Over the past five years, Andrey Doronichev has shared his four-story town house with nearly 100 entrepreneurs, investors and other aspiring technologists from countries that were once part of the Soviet Union.
Because they spoke Russian, they thought they had a private key that could unlock resources most Silicon Valley technologists could not. As investors, they had the inside track on startups in Kyiv. As entrepreneurs, they could hire engineers in Moscow or raise money from a network of Russian-speaking investors across Asia, Europe and the United States.
But after Russia invaded Ukraine, most of that was gone. Some of it may never return.
“Language tied us together across borders. It gave us benefits no one else had. It was like a secret passage into a larger world of smart people,” said Doronichev, 39, who was born, raised and educated in Moscow before moving to the San Francisco Bay Area. “But the war broke so many of those ties.”
Doronichev and his housemates are among the hundreds of Russian-speaking technologists working in the Bay Area who are struggling to rebuild their personal and professional lives after the invasion of Ukraine. Some are from Ukraine. Others are from Belarus or Kazakhstan. Still more are from Russia.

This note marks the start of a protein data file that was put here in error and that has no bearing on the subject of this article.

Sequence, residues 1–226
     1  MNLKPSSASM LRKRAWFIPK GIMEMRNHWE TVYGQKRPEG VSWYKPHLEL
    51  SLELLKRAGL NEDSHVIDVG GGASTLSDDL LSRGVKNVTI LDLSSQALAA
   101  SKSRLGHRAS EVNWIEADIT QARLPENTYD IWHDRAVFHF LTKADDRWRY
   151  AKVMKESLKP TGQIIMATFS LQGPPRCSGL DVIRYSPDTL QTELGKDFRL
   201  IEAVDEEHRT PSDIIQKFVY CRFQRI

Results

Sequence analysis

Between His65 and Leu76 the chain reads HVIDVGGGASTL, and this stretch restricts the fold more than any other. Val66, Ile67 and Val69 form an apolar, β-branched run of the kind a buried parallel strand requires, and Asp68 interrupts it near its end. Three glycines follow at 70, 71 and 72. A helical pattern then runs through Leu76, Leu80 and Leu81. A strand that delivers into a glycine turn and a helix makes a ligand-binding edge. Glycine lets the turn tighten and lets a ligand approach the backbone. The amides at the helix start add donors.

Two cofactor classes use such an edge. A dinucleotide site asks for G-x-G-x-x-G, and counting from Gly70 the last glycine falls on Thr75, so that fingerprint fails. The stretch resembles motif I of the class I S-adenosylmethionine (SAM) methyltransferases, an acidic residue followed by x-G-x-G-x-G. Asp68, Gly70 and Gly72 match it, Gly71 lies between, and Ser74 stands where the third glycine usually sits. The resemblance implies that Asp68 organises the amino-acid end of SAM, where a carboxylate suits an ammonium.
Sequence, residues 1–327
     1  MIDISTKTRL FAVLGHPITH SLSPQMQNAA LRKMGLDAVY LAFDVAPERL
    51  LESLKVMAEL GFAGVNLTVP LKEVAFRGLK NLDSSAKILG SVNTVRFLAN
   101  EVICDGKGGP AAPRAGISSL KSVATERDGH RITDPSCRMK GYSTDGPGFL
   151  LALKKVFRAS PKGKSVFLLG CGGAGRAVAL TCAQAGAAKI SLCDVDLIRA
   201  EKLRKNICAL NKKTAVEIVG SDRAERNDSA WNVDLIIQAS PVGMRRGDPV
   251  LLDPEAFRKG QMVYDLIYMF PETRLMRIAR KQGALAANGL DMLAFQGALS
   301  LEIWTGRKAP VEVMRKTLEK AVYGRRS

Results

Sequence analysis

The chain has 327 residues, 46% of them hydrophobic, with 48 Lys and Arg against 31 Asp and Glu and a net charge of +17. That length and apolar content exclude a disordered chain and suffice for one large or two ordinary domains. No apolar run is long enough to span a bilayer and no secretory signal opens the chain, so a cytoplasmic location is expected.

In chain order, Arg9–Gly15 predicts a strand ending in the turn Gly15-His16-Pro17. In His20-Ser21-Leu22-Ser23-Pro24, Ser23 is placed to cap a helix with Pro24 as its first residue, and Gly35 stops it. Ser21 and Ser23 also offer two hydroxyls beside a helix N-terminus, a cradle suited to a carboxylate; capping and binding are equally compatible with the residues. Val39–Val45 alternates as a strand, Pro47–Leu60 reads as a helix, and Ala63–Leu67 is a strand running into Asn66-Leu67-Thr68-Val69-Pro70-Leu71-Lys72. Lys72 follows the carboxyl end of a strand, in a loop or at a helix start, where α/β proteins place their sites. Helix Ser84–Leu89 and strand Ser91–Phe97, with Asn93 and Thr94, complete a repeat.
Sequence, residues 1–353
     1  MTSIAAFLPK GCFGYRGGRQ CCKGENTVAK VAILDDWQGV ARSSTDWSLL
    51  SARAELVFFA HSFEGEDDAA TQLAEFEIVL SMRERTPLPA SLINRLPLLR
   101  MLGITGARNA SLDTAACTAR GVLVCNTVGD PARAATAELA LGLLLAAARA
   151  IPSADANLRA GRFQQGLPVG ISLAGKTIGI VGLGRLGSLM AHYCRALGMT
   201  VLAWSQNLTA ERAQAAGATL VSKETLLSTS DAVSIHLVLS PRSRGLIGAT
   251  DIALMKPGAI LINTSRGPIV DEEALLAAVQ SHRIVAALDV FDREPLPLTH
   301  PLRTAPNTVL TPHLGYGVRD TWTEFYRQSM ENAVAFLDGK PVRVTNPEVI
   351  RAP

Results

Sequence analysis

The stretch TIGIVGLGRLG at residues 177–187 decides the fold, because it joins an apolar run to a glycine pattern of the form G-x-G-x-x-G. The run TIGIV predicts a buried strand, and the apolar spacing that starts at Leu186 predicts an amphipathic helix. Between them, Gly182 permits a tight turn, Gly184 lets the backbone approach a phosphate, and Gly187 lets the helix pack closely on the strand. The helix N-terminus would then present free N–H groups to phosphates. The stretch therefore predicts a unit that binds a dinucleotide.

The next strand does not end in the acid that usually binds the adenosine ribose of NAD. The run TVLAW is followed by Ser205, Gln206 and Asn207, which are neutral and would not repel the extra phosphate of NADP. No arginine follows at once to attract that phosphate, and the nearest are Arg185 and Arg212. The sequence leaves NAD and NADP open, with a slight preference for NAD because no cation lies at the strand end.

Most are against the war, aligning themselves more with the Western world and the openness they see on the internet than with Vladimir Putin’s Russia. They are wondering what, if anything, they can do to help friends, family and colleagues on the other side of the world, even as they scramble to keep their own careers afloat.
They hoped to create a community of Russian speakers across the globe who could bootstrap new technologies, companies and products for an open internet — an internet that lets anyone communicate with anyone else across borders. But ties are breaking in two key countries: Ukraine and Russia.
Ukraine’s tech ecosystem is under siege. The entire Ukrainian economy could shrink more than 40% this year, according to the World Bank.
After foreign governments imposed sanctions on Russia and many American and European companies barred access to banking and internet services, the Russian tech industry is all but cut off from the rest of the world. Tens of thousands of tech professionals are now fleeing the country, unable or unwilling to work behind the curtain.